ROUND 19 – Brazil, 22-24 November 2013
Venue: Interlagos, São Paulo, Brazil
Circuit Length: 4.309 kilometres
Lap Record: 1:11.473 = 217.038 km/h • Juan Pablo Montoya (Williams BMW) • 2004
If you think 4.309km sounds like a short lap, you’re absolutely right: Interlagos is the shortest lap of the year apart from the unique setting of Monaco and its 3.340km street layout. But don’t let that fool you: when Mark Webber won there in 2011 his average race speed was 198.876 km/h – when he won in Monaco in 2012 it was 147.312…
The Autodromo Carlos Pace is the fifth and final anti-clockwise circuit of the season. Despite the difficulties of Brazil’s mega-city Interlagos is one of the most popular venues among teams and drivers. The track, reconfigured to its current length in 2000, twists and turns ‘between the lakes’ with that thrilling, long climb from Turn 13 back up to the main straight. Pirelli bring the two hardest tyres in their range. Ten right-handers, 15 left; tough on engines because of the altitude. This is the 31st Brazilian Grand Prix to be staged at Interlagos.
Out with a Brazilian bang?
For us in Australia the main focus of the weekend is on Mark Webber, more than ever: this is his 215th and final Grand Prix. Unsentimental to the end, the 37-year-old from Queanbeyan will treat it, as far as possible, like the other 214: “I feel ready for Brazil and am looking forward to a bit of a different chapter in the future,” says Mark. “There would be something wrong if I was disappointed to be finishing, because that’s the reason I’ve made my decision, as a sportsman or woman that’s why we all make those decisions: because in the end the fire is not quite what it was, and you’ve got to accept that.” If the Interlagos cards fall his way Mark could yet equal his best-ever overall finish of third (2010, 2011): he sits just two points behind Kimi Raikkonen, who is recuperating after back surgery, and six behind Lewis Hamilton.
At the other end of the F1 spectrum entirely, first-season driver Jules Bianchi can’t believe his year is already coming to an end. “Wow, the last race of the season already,” says Marussia’s man. “Time certainly flies when you’re having fun. The last race in Austin didn’t start out with much fun but on Sunday we really brought it all together and that performance has given us all a real lift for the final round in Brazil, where there will be a lot of pressure. We’ve done such a great job holding on to 10th place in the Championship for so long, so it’s hard to imagine any other outcome than seeing the team achieve what they deserve finally.”
Bianchi’s 13th place in Malaysia is the difference between Marussia and Caterham as they fight for the last paying place among the 11 F1 teams. Uniquely placed to understand this fight at the wrong end of the table is Charles Pic: Caterham’s Frenchman was also a Marussia man last year. “So now we’re in Brazil and it’s the last race of the year,” he says. “In 2012 I had my highest ever finish in F1 in Brazil, 12th and that was partly down to having a crazy race all around us and that’s what we’re hoping for again in 2013, even though this year it’s a fight with the team I was with in 2012!”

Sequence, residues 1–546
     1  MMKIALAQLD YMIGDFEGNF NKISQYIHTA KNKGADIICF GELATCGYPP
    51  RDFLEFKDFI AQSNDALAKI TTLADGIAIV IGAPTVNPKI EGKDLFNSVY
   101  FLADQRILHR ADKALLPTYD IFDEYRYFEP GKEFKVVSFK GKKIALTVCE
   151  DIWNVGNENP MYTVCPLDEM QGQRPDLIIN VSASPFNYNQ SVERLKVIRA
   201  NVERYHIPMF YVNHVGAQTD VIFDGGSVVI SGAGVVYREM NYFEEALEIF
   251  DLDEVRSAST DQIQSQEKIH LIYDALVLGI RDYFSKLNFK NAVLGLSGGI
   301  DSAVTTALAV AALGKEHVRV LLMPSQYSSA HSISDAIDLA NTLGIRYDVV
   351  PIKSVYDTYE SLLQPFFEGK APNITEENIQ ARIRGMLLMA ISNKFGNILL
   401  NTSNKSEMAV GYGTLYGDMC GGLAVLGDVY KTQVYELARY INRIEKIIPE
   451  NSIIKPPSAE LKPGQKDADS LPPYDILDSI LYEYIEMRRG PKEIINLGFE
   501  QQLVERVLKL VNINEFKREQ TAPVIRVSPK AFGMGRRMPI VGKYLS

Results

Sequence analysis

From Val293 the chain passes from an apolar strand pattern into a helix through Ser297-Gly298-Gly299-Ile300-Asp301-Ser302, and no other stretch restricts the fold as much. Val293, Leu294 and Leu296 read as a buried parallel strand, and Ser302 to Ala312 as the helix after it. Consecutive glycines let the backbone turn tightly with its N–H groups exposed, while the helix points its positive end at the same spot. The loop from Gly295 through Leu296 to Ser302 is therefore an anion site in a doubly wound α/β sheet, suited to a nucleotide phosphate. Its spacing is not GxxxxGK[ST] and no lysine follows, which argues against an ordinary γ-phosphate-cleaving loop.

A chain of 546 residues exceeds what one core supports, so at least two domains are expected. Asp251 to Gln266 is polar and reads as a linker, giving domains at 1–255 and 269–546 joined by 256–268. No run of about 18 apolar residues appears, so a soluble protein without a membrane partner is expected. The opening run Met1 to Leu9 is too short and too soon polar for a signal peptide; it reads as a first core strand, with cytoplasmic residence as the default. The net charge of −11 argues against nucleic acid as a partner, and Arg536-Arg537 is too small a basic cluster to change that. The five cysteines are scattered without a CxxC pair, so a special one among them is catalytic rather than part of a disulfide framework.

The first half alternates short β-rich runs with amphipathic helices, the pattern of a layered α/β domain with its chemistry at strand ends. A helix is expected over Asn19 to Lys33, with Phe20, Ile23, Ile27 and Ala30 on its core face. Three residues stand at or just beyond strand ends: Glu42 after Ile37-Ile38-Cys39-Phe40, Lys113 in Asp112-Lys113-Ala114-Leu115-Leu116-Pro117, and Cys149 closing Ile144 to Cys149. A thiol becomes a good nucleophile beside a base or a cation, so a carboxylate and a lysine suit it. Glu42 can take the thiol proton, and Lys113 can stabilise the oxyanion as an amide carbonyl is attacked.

Hoping to build on some brilliant Brazilian memories are McLaren, seven-time winners at this venue – and winners last year when Jenson Button came through for his own 15th and most recent victory. “Obviously, I have some extremely happy memories of racing in Brazil – it’s where I won my world championship, back in 2009, and it’s where I took my most recent grand prix win, last year for Vodafone McLaren Mercedes,” says the English veteran. “This year has been a tricky one, though, and it’ll be tough heading back to Sao Paulo knowing that the team hasn’t taken a victory since race day last year.” Last chance to score a podium…
Button’s former teammate Lewis Hamilton is another man coming to the end of a very quick year: “It’s difficult to believe that the final race of my first season with Mercedes has come round already,” says Lewis, “as this year seems to have flown by. We know what we have to achieve this weekend in Sao Paulo and everyone is so fired up to have a good weekend and to be in that second place in the Championship on Sunday afternoon. I had a good race in Austin and it felt great to get that under my belt before the end of the season. I’m really looking forward to Brazil.”
Sebastian Vettel apart, the man of the moment is surely Romain Grosjean. Lotus’s Swiss-French driver comes off a fantastic defensive drive against Webber in Austin and he is one driver you can always rely on for enthusiastic comments about what he does – like racing at Interlagos: “It’s a fantastically challenging track which never seems to let you relax,” he explains. “Even the main start-finish ‘straight’ isn’t boring as it starts uphill with some interesting camber, then gradually turns before finishing at the downhill turn one where it’s so easy to out-brake yourself. If I had to pick favourite parts of Interlagos, I would say the first and last corners. The first corner is really technical and punishes you if you get it wrong, while the last corner is so fast and really puts quite a strain on your body. As a driver I really enjoy these corners. It’s one of the real classic old-style tracks so it’s very hard to pick out a single element; I love it!”
Finally, a fond farewell to Ferrari for Felipe Massa: the little Brazilian completes eight years as a Maranello F1 driver with his last race at the track where he first won in a scarlet car back in 2006. He did it again in his heartbreaking 2008 season, taking pole, setting fastest lap but just missing out on the title that should have gone with it.